Much like the historic rehabilitation tax credit, private donations of historic preservation easements have been an effective federal-level historic preservation initiative. The Internal Revenue Service, however, launched a broad investigation into perceived abuses of the easement program over the last few years. One such investigation led the IRS to challenge deductions claimed by a Boston couple that donated a façade preservation easement—restricting exterior changes to their mid-19th-century row house in the South End, notable for its Venetian Gothic-style façade—to the Trust for Architectural Easements.
The Internal Revenue Code provides an incentive in the form of an income tax deduction to taxpayers who donate a property interest for conservation purposes to a nonprofit or government entity. Owners of historic homes often take advantage of this tax benefit by granting a preservation easement in their property, which restricts their right to modify the exterior of their historic home. To be eligible for the tax deduction, the preservation easement must be in perpetuity. This means that the nonprofit or government entity to which the homeowner grants the easement can enforce the easement’s restriction against modifications of the home’s exterior against not only the owner who grants the easement but also against all future owners of the historic property. In return, the homeowner that grants the easement receives an income tax deduction equal to the value of the easement, essentially the difference in fair market value of the property with and without the restrictions placed on the property by the easement.
Some historic preservation nonprofits assist homeowners in qualifying for this tax deduction, and HBI is a good example of one. In fact, HBI currently holds seven preservation easements in its portfolio. In return for assisting a homeowner qualify for the deduction, HBI serves as the recipient of the preservation easement and manages the enforcement of the restrictions that the easement places on the historic property. Similar to other nonprofits, HBI typically also requests a contribution from the homeowner to compensate HBI for both assisting the homeowner in creating the easement and for HBI’s ongoing enforcement of the easement. The contribution is usually a percentage of the value of the ultimate tax deduction the homeowner receives for donating the easement to HBI. HBI also places easements on its own projects in order to monitor its investments after the properties are sold to willing buyers.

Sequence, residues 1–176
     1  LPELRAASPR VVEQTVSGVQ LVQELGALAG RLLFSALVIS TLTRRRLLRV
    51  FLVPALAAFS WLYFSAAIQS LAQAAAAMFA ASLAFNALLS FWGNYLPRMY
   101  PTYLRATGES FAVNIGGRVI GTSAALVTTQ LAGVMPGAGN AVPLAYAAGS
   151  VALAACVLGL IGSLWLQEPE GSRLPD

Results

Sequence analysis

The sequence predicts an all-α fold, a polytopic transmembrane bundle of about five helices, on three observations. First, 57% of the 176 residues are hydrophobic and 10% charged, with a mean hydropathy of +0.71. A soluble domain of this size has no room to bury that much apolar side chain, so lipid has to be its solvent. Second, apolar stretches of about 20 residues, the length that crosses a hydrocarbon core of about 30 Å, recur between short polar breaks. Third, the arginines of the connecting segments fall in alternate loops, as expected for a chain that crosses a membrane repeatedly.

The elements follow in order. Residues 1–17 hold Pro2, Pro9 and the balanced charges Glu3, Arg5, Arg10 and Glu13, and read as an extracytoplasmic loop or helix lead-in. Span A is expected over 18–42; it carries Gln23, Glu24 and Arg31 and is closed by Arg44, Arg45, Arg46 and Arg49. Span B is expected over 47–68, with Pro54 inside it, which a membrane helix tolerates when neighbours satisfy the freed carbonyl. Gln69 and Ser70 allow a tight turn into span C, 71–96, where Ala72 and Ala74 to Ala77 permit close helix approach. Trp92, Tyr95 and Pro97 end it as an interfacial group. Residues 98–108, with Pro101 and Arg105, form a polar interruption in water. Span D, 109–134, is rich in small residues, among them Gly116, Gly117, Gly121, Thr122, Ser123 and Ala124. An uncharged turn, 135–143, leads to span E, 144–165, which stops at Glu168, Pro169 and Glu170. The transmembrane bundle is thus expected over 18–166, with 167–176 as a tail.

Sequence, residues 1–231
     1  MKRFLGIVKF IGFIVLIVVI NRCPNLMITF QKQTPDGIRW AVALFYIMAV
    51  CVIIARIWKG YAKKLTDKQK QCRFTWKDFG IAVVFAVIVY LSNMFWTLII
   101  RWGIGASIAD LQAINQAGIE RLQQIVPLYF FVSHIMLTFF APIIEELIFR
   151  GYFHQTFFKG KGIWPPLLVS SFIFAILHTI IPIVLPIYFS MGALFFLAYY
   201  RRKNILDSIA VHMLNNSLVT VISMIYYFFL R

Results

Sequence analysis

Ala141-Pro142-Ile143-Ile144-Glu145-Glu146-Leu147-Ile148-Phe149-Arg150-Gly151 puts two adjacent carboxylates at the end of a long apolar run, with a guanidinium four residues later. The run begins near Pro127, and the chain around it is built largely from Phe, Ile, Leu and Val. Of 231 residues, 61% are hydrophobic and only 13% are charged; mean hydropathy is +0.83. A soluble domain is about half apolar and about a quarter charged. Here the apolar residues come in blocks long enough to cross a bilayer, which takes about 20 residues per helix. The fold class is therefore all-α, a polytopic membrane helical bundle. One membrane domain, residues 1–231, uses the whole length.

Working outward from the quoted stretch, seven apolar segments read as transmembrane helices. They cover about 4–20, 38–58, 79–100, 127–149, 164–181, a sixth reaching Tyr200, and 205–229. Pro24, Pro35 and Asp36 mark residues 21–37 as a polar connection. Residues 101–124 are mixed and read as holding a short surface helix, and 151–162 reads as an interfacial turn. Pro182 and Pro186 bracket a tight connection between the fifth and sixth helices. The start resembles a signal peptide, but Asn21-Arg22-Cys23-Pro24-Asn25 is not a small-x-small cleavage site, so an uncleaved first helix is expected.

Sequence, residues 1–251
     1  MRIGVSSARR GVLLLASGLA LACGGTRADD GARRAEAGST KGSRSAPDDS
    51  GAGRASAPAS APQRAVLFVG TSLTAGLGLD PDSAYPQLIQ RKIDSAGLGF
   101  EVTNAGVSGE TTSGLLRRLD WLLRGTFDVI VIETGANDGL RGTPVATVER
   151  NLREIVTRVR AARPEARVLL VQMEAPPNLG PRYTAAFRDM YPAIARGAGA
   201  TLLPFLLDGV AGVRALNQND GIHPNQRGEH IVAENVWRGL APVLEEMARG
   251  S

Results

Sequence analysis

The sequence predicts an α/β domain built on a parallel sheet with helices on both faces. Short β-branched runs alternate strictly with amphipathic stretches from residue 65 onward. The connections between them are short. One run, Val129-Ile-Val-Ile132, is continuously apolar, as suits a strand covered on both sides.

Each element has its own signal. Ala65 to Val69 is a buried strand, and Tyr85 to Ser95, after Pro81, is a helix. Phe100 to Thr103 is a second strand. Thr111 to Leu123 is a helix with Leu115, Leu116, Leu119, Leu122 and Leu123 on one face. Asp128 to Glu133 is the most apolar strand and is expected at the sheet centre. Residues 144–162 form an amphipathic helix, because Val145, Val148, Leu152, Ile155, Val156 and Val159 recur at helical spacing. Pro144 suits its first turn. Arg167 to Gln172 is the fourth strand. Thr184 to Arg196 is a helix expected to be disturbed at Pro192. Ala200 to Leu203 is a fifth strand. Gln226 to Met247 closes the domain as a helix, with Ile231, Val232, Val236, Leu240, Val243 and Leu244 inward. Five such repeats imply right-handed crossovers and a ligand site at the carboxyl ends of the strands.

Preservation easements must satisfy several requirements of the Internal Revenue Code before the donor of the easement can claim the desired tax deduction. In the South End case, the code required the donors to compel the holder of the mortgage on their row house, in this case Washington Mutual Bank, to subordinate its creditor rights in the property to the right of the Trust for Architectural Easements to enforce the restrictions of the preservation easement in perpetuity. The code also required the donors to provide for the Trust to receive a portion of proceeds resulting from an unexpected extinguishment of the easement, such as insurance proceeds resulting from a fire that destroys the property or proceeds resulting from an eminent domain taking of the home. This requirement ensures that there would not be a situation in which the donors receive the full benefit of the easement donation (the tax deduction) while the Trust did not fully realize the full benefit of its gift—the opportunity to preserve the architectural value of the property in perpetuity. In other words, the regulation aims ensure that the Trust for Architectural Easements will receive a share of any proceeds in proportion to the value of its easement, which share it can then use to promote historic preservation elsewhere.
The donors succeeded in satisfying the subordination requirement. According to the IRS, however, the donors failed to satisfy the extinguishment requirement: while the donors’ agreement with Washington Mutual effectively subordinated the bank’s creditor rights to the Trust’s enforcement rights, the agreement gave the bank’s claim to proceeds resulting from an event leading to extinguishment of the easement priority over a similar claim made by anyone else, including the Trust.
The First Circuit Court of Appeals, however, did not agree with the IRS’s position. Although the court sympathized with the IRS’s desire to prevent abuse of the easement program, it pointed out that the donors had no power to make Washington Mutual give up its own protection against fire or condemnation, nor the power, say, to defeat tax liens that the City of Boston could use to reach insurance proceeds from such an event. In fact, the court pointed out, given the “super-priority” of tax liens, the IRS’s interpretation of the regulations would jeopardize virtually all easement donations under the program: many donors, depending on state law, could not ensure the holder of a preservation easement received any proceeds from an extinguishment of that easement if the extinguishment is the result of a tax foreclosure.
But it doesn’t end there. While the court of appeals ruled against the IRS and upheld the legitimacy of the donors’ preservation easement, it sent the case back to the tax court for the IRS to argue another issue that the initial tax court never considered: did the deduction claimed by the donors exceed the fair market value of the donated easement? The IRS presented compelling evidence that the true value of the donated easement was virtually zero. If that proves to be the case at the subsequent trial in tax court, then the donors could be liable for substantial understatement of income tax and for substantial or gross valuation misstatements. Check back for a follow up discussion of the IRS’s argument and other issues likely to come up at the subsequent trial.